Have you chosen sides in the Heinrich/Dekker debate yet? Zero Harm vs. Safety Differently? Focussing on the incident/accident data of what’s gone wrong rather than working on what’s gone right? People are the problem vs. people are the solution?
I do hope not because the chances are that they’re both right and that breaking through the statistical plateau (that is Great Britain worker fatality rates which have been flat for the past 5-6 years) will require a combination of both.
In a blog post from this time last year, Sidney Dekker related the case of a large health authority that experienced a 1 in 13 likelihood of causing further harm to patients [beyond whatever they were admitted for]. In analysing their safety record, the health authority could produce a definitive list of “what went wrong” but ultimately were unable to improve safety performance.
What jumped out at me was Dekker’s phrase, “After all, they had plenty of data to go on” with its implication, to this reader anyway, that data was not the solution.
Fast forward to this year and the APPG report on Working at Height. One of the major recommendations that came out the report was a call for better inspection and reporting through RIDDOR. This was amplified by expert Peter Bennett OBE, MD of PASMA who said, “we know that data collected does not accurately represent the true scale of ‘near misses’ in the workplace which is why we are calling for enhanced reporting methods, and an independent body who would confidentially collect data to inform industry and Government.”
More data. So which is correct?
The answer is that it all depends on what you do with the data, i.e. how is it used? If you ever studied statistics in school or University, you’ll doubtless have used stats tools from SPSS. Jack Noonan, one-time CEO of SPSS said that, “running a business using statistics is like trying to drive a car while only looking through the rearview mirror”.
Dekker was correct in that the Health Authority was trying to improve their safety performance by looking through the rearview mirror of their accident data. But, that’s not to say that data should be ignored…
The more data that is available, the more we can do with that data beyond simply reporting and categorising what has already occurred. For example, in the Working at Height example above, Peter Bennett proposed gathering information not just on the accidents but near misses, and not just recording the fact that a fall had occurred but other attributes of the fall such as the height fallen. The richness of data then allows us to move from the rearview mirror approach to one of predictive modelling – instead of simply using the data to tell us what has happened, using it to predict and prevent future events.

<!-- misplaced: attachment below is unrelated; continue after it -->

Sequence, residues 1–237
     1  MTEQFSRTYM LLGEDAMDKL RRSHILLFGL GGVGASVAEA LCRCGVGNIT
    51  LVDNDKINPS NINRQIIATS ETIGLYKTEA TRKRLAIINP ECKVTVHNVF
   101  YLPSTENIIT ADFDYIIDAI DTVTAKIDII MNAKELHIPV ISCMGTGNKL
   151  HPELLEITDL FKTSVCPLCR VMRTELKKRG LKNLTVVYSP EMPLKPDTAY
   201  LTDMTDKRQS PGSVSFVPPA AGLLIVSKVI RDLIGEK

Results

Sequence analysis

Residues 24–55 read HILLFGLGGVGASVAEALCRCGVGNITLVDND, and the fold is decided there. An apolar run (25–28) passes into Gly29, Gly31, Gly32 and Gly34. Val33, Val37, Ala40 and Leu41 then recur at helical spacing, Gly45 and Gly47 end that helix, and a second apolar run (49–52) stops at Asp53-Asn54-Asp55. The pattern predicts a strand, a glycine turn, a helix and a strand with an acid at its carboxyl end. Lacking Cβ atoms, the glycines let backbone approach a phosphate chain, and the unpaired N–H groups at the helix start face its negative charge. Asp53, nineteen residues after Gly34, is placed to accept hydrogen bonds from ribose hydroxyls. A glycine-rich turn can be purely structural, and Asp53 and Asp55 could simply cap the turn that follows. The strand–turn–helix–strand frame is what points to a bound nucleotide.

An example from the mobile phone industry helps illustrate the point. In working in the analytics industry in 2006, a client (one of the major UK mobile operators) was struggling with customer churn. Stats told them the quantity and demographics of customers leaving by plan type etc., but it was predictive modelling that allowed them to take the same data set and identify the single, clear indicator of a customer about to leave.
A customer requesting a new battery. As a result, if during a call with a customer service person a customer asked for a new battery, it was flagged as an indicator of churn and the agent could offer a favourable deal/promotion in the hope of keeping that customer.
Of course, that necessitates keeping a broader data set than otherwise would be thought necessary. After all, it’s difficult to know what the indicator of an incident/accident might be – who’d have thought that a new battery request was an indicator of churn?
Does predictive modelling work in improving workplace safety performance? Yes it does. There are many examples and case studies of improved safety performance arising from the deployment of predictive solutions. However, the point here is not to promote a specific solution but to try to highlight the fact that there are two sides to the Heinrich/Dekker debate and that each has merit.
Indeed, as we said in the opening, they’re probably both right. Breaking through the statistical plateau will not be achieved by rigidly supporting one camp or the other but by taking the best of each and leveraging the best that technology has to offer in delivering innovative solutions.